Purification of Tetracycline Monooxygenase (TetX)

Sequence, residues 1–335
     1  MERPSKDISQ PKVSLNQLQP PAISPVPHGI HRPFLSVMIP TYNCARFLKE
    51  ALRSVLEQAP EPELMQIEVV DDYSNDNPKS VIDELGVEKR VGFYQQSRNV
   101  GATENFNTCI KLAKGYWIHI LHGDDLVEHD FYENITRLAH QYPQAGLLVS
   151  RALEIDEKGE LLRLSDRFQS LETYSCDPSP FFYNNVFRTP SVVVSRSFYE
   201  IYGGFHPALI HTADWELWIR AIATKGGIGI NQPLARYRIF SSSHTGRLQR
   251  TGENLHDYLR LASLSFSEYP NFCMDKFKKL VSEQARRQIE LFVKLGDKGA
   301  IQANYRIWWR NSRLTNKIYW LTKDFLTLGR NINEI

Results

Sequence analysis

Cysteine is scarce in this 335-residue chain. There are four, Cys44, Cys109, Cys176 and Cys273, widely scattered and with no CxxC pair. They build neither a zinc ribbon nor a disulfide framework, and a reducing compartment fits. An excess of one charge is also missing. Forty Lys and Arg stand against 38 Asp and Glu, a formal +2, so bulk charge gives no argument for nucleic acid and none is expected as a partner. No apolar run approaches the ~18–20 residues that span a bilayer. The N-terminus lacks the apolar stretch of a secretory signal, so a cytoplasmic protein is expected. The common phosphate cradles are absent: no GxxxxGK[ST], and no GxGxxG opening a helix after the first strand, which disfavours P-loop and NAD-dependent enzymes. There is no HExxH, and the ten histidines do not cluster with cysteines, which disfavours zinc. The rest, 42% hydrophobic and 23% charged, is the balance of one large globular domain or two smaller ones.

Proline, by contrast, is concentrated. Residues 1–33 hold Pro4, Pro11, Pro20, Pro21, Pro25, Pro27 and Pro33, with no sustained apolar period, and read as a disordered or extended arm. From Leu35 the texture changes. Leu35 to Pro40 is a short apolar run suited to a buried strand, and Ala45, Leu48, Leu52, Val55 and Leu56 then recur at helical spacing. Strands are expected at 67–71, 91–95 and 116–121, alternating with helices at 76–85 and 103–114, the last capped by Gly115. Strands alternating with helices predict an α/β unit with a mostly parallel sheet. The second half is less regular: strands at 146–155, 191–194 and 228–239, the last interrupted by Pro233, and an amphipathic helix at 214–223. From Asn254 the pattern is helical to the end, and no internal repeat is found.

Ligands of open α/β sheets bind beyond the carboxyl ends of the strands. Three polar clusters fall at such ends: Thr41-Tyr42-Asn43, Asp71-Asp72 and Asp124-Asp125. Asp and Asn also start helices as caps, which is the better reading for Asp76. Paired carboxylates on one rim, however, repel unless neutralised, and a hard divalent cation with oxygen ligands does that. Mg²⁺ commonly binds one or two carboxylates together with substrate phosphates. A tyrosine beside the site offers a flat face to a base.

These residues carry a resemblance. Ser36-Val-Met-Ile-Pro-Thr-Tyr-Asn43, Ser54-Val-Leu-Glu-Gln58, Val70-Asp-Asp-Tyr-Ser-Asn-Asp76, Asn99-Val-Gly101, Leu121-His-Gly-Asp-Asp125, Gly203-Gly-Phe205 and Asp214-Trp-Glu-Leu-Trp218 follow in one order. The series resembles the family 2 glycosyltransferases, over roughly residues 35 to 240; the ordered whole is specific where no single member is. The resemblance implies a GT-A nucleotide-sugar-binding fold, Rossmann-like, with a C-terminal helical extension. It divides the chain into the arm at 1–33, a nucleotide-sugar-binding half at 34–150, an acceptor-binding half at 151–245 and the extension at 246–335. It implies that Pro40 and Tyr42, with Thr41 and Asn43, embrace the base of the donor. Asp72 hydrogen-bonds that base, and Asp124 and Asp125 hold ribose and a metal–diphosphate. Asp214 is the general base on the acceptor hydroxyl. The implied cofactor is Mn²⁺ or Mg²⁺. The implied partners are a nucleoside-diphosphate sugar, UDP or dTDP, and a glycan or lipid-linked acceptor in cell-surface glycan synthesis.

Abstract: Tetracycline is an antibiotic that treats infectious diseases triggered by pathogenic bacteria that range from acne to bacterial pneumonia. It functions by binding to the 30S subunit of the prokaryotic ribosome to effectively stop protein synthesis from occurring. The recent emergence of tetracycline resistant strains of pathogens has hampered its continued use in clinical settings. One mechanism of tetracycline resistance is the degradation of the drug by the flavin dependent enzyme tetracycline monooxygenase (TetX). Only a limited number of studies of the enzyme have been conducted to date due to the limited yields of pure protein that can be obtained from current protocols (~6 mg/L of cell culture). The objective of this research is to develop a purification protocol for the enzyme for mechanistic studies. The long-term goal of this research is to create an inhibitor of TetX for the purpose of finding a better treatment plan toward infectious diseases caused by tetracycline resistant strains of bacteria. With the recent development of an optimization protein expression protocol, a plasmid encoding TetX (pET22a – TetX) was successfully transformed into competent Escherichia coli cells with the selective use of the DH5α cell strain. Transformants were screened for optimal expression after induction for 20 h at 30 °C through measurements of the TetX dependent consummation of oxygen and quantification of the total protein in cell extracts. Permanent glycerol stock of a transformant that had a specific activity of 1,670 U/mg was prepared. Ammonium sulfate precipitation trials were then carried out where it was concluded that partial purification of the enzyme can be achieved through treatment with 40% salt and collection of the supernatant after centrifugation at 12,000 x g for 20 minutes. A nickel affinity chromatographic protocol was also developed which resulted in a purification of 2. The expression and purification protocol developed here resulted in 30 mg/L of cell culture, which is a 5-fold improvement over published protocols.
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